• This SIMT (Single Instruction, Multiple Threads) architecture allows for thousands or tens of thousands of threads to be run concurrently, which is best suited for operations with large number of arithmetic operations and small access times to memory.
  • The parallelism can also be effectively utilized with special attention on the data flow when developing GPU parallel computing applications.
  • Reduce the data transfer between RAM and the GPU’s global memory [50] by transferring data with large chunks.
  • Upload as large sets of unlabeled data as possible and by storing free parameters as well as intermediate computations, all in global memory.
  • Data parallelism and learning updates can be implemented by leveraging the two levels of parallelism:
    1. Input examples can be assigned across MPs,
    2. Individual nodes can be treated in each thread (i.e., SPs).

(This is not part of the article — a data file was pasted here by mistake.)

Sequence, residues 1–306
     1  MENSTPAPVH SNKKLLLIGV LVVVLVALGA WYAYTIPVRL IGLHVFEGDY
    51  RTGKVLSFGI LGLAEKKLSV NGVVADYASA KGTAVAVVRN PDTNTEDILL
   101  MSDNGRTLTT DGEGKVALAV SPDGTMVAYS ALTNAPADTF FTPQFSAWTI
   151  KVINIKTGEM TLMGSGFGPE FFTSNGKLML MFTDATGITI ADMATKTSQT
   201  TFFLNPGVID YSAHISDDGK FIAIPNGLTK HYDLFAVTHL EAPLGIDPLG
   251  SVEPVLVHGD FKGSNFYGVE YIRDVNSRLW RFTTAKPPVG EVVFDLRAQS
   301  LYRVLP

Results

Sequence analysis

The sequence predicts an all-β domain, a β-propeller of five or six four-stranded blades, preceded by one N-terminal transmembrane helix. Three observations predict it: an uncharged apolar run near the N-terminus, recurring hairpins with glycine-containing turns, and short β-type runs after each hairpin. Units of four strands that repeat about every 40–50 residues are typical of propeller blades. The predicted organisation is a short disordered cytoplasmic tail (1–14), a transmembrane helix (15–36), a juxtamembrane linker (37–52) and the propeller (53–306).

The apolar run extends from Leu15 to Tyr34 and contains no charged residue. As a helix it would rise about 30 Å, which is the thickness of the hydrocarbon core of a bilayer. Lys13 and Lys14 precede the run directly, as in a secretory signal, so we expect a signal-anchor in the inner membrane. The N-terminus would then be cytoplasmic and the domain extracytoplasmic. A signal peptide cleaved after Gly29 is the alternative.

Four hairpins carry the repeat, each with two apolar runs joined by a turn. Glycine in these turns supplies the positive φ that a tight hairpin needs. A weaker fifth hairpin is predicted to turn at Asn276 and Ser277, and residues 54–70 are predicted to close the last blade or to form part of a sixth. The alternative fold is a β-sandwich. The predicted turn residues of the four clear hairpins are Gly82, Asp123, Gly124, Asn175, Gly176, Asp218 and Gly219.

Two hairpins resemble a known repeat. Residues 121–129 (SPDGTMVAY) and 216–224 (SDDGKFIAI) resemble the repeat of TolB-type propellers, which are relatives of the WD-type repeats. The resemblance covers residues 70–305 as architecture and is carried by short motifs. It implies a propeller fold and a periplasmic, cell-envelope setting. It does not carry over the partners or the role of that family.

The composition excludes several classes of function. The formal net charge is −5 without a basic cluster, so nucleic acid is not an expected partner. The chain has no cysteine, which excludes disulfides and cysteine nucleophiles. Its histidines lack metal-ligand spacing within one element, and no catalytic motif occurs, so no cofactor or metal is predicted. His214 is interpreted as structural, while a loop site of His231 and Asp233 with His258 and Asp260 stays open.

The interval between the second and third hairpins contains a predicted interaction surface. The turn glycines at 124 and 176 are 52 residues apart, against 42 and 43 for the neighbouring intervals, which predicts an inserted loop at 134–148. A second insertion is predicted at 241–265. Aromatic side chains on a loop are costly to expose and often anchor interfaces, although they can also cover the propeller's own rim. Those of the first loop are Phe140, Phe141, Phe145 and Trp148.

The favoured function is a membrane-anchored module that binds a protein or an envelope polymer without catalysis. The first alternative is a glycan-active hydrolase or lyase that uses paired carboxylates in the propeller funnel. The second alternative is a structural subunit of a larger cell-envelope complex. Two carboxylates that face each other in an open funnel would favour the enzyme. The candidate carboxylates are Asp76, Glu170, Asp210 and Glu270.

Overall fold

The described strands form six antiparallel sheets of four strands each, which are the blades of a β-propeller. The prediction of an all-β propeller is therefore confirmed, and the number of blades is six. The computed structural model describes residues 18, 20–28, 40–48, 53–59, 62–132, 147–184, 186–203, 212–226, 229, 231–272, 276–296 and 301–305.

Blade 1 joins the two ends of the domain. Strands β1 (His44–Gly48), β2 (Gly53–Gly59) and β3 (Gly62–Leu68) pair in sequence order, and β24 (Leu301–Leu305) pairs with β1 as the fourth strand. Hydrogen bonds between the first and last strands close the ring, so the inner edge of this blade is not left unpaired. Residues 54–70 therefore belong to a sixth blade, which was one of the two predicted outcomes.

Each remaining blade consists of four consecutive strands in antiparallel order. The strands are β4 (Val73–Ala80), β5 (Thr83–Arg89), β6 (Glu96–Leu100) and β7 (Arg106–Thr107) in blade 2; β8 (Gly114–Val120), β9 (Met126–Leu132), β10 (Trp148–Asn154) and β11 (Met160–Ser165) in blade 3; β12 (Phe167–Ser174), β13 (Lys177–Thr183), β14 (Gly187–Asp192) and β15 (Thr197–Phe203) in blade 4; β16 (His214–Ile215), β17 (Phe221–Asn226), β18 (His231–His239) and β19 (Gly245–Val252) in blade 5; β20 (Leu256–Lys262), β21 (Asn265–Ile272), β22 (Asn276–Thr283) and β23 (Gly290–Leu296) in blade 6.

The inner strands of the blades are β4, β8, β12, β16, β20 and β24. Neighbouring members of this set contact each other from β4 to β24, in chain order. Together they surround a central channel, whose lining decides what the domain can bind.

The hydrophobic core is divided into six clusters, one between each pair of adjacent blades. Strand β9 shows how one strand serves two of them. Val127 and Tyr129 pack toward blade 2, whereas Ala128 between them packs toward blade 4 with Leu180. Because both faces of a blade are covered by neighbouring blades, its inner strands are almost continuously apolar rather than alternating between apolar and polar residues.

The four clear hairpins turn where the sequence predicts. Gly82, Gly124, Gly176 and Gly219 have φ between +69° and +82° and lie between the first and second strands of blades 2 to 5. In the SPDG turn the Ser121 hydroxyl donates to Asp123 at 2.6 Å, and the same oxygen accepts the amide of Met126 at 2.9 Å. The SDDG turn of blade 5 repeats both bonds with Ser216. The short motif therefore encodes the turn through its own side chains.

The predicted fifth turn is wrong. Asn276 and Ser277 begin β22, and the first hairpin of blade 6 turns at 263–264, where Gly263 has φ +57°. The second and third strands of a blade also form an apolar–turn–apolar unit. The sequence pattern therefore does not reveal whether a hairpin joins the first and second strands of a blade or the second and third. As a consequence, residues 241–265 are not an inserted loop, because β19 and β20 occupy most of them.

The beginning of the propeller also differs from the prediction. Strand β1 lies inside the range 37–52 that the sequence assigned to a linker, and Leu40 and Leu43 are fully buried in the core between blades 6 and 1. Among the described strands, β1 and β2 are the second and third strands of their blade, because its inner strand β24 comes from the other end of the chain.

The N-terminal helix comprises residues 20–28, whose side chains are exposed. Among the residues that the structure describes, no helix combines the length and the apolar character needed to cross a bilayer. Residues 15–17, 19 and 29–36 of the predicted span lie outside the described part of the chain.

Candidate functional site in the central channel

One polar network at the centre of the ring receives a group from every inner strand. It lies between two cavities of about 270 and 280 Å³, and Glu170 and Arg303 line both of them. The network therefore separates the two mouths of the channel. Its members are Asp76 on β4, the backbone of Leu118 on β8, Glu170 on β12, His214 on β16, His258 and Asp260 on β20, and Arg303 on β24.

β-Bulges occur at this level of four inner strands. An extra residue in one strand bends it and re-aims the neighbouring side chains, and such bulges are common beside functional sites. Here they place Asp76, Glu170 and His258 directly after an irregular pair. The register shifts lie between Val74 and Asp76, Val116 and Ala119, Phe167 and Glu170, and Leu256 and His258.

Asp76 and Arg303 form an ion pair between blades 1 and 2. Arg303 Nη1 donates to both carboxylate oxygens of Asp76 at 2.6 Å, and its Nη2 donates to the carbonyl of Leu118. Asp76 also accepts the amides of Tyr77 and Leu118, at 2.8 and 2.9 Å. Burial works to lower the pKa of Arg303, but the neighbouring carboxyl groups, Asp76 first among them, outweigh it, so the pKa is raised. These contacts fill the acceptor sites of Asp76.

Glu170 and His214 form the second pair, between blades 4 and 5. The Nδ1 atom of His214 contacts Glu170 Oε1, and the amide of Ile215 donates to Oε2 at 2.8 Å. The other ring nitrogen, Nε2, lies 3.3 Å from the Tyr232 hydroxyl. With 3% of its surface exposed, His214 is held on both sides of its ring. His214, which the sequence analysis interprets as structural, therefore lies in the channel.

Large-scale DBN:

  • Raina et al. [41] proposed a GPU-based framework for massively parallelizing unsupervised learning models including DBNs (stacked RBMs) and sparse coding [21].
  • Number of free parameters to be trained:
    • Hinton & Salakhutdinov [21]: 3.8 million parameters for free images
    • Ranzato and Szummer [51]: three million parameters for text processing
    • Raina et al. [41]: More than 100 million free parameters with millions of unlabeled training data.
  • Transferring data between host and GPU global memory is time consuming.
  • Minimize host-device transfers and take advantage of shared memory.
  • Store all parameters and a large chunk of training examples in global memory during training parameter to allow updates to be carried out fully inside GPUs [41].
  • Utilize MP/SP levels of parallelism.
  • Each time, select a few of the unlabeled training data in global memory to compute the updates concurrently across blocks (data parallelism).
  • Meanwhile, each component of the input example is handled by SPs.
  • When implementing the DBN learning, Gibbs sampling [52], [53] is repeated.
  • Gibbs sampling can be implemented in parallel for the GPU, where each block takes an example and each thread works on an element of the example.
  • Weight update operations can be performed in parallel using linear algebra packages for the GPU after new examples are generated.